By NEIL HARTNELL
Tribune Business Editor
Cable Bahamas' top executive yesterday said itself and the Government will "remedy any challenges" caused by non-compliance with covenants related to $60m in bonds issued on Aliv's behalf.
Franklyn Butler, the BISX-listed communications provider's chief executive, told Tribune Business that itself and the Government - as the mobile operator's two shareholders - will "do all we can to support" it and realise its earnings and growth potential.
He spoke out after Cable Bahamas' financial statements for the year-ended on June 2020 revealed that there was non-compliance with the terms and conditions attached to the unsecured Series A and B bonds issued in March 2017 to help provide capital to fund Aliv's network expansion.
"The proceeds of the notes were used for various capital projects and to fund working capital requirements," the financial statements said. "The terms of the notes are governed by a trustee agreement, and all payments associated with the notes are required to be paid through a payment agent.
"During the year, and as at June 30, 2020, the group was not in compliance with the financial covenants of the notes as set out in the trustee agreement. As a result, the notes have been reclassified this year to current liabilities in the consolidated statement of financial position.
"Subsequent to year-end the breach remained unresolved, and while no waiver had been received, the notes have not been called by the trustee." According to Cable Bahamas' financial statements, some $58.455m in bond payables remain outstanding to the investors who bought them.
There is no suggestion that Cable Bahamas/Aliv has defaulted on due interest and principal payments to-date, as more than $5m in interest was paid to the bondholders during the 12 months to end-June 2020.
When contacted about the non-compliance, Mr Butler indicated further refinancing and restructuring of Aliv's debts was in the works although he declined to reveal details because talks are continuing.
"Those are bonds specifically related to Aliv," he told Tribune Business. "My answer is we are working to address that, and we'll have something a bit more formal on that in the coming days. I don't want to say any more on that. That's active.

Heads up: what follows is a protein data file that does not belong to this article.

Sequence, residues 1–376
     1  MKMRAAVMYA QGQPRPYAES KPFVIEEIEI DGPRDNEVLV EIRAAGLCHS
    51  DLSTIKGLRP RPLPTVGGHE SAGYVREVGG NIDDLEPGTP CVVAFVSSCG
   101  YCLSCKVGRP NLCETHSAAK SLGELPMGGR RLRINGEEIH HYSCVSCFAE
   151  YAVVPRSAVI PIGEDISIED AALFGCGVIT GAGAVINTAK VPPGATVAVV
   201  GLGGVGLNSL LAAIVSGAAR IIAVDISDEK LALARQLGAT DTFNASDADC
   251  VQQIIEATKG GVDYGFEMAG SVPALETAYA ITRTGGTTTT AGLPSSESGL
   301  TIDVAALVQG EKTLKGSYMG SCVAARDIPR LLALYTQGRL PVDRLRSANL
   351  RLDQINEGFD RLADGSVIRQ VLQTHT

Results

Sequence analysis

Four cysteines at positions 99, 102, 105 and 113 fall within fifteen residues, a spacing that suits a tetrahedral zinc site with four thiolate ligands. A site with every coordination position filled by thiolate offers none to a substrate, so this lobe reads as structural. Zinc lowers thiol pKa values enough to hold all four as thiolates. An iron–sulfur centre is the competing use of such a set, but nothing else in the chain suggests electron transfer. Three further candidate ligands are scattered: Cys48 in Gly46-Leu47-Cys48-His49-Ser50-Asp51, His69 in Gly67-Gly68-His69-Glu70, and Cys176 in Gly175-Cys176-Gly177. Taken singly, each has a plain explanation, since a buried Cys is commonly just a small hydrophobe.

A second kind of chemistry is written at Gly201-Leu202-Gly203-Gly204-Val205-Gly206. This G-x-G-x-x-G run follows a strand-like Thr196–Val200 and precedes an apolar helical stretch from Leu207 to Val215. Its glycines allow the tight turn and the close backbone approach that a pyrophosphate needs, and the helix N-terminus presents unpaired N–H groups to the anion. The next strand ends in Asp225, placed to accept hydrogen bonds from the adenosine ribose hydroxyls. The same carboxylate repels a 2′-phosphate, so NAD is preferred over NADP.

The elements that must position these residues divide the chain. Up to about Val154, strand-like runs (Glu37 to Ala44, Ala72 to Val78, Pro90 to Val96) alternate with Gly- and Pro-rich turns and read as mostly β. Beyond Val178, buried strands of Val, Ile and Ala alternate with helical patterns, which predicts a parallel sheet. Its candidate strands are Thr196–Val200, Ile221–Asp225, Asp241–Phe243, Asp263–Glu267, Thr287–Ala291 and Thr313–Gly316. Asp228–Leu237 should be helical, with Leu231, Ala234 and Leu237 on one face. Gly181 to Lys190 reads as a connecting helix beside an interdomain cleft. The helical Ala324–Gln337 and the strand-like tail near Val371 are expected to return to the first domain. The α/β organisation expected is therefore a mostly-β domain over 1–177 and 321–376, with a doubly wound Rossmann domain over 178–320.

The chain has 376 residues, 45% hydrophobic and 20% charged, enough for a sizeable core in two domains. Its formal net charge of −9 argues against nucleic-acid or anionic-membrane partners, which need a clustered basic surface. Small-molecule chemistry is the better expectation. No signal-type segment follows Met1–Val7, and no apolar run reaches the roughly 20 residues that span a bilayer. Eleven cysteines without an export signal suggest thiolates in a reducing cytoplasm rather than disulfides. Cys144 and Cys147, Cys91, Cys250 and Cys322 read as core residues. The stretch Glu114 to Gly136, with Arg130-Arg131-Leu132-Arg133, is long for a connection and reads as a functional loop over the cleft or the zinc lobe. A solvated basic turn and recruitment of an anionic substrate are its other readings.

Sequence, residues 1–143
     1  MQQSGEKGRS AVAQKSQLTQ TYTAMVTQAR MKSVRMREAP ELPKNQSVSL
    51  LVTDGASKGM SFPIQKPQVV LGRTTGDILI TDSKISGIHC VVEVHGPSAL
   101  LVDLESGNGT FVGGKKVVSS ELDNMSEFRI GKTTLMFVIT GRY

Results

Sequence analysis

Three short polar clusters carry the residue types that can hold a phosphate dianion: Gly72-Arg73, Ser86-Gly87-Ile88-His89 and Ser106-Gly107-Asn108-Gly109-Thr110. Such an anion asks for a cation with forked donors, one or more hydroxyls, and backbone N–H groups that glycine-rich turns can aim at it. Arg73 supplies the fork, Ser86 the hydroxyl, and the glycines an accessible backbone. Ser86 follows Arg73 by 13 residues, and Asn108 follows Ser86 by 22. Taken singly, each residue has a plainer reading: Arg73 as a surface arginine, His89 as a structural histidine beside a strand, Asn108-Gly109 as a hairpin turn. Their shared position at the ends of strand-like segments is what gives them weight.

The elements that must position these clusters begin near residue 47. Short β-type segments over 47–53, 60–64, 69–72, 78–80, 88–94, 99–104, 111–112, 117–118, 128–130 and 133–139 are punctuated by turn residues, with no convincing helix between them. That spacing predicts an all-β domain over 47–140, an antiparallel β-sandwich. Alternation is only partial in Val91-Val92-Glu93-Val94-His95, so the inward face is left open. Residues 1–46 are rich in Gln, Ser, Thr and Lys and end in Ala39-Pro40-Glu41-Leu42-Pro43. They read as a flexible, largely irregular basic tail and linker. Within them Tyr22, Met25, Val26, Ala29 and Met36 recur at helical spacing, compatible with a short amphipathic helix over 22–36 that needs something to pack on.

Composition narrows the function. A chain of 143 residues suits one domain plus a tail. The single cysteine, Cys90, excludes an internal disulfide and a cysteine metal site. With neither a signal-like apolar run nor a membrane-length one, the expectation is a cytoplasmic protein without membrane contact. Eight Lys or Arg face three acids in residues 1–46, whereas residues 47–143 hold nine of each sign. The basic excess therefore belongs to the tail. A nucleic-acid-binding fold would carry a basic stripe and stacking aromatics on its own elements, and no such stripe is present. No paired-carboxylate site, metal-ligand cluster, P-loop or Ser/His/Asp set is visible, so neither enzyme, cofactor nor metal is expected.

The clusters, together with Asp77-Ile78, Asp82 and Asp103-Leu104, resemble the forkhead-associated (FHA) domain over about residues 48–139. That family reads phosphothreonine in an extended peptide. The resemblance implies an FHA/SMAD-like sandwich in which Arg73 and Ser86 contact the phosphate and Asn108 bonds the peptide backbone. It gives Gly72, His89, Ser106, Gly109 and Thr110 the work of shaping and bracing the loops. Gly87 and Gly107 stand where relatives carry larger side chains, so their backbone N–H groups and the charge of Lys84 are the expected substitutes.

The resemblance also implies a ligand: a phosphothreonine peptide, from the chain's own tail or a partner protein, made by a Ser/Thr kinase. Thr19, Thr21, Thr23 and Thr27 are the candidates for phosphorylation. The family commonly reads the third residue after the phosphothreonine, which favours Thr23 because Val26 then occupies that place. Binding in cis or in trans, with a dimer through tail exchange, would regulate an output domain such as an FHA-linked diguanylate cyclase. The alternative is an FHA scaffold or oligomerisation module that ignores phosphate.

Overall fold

"But we are going to do all we can to to support Aliv and make sure their growth continues, and they grow further their subscribers. market share and net income. As shareholders, we'll do all we can to support that.
"My position is that [non-compliance] is not a concern. The shareholders have made a commitment to remedy any challenges with the bonds." Cable Bahamas holds a 47.25 percent equity stake in Aliv, and has Board and management control, with the Government owning the 51.75 percent majority interest.
Cable Bahamas returned to profitability, with $58.654m in net income for the financial year to end-June 2020, thanks solely to the $109.13m net gain on the sale of its former Florida subsidiary, Summit Broadband.
"The negotiated base price for the sale of Summit was $301.5m," Cable Bahamas' financial statements said. "This amount was adjusted [for] deductions as set out in the sale agreement for closing net working capital adjustments; the closing indebtedness of the subsidiary; and other transaction costs.
"The consideration following the adjustments totaled $253.135m, of which $251.648m was received in cash. A gain on disposal of discontinued operations was recognized in the amount of $112.166m in the consolidated statement of profit or loss and other comprehensive income."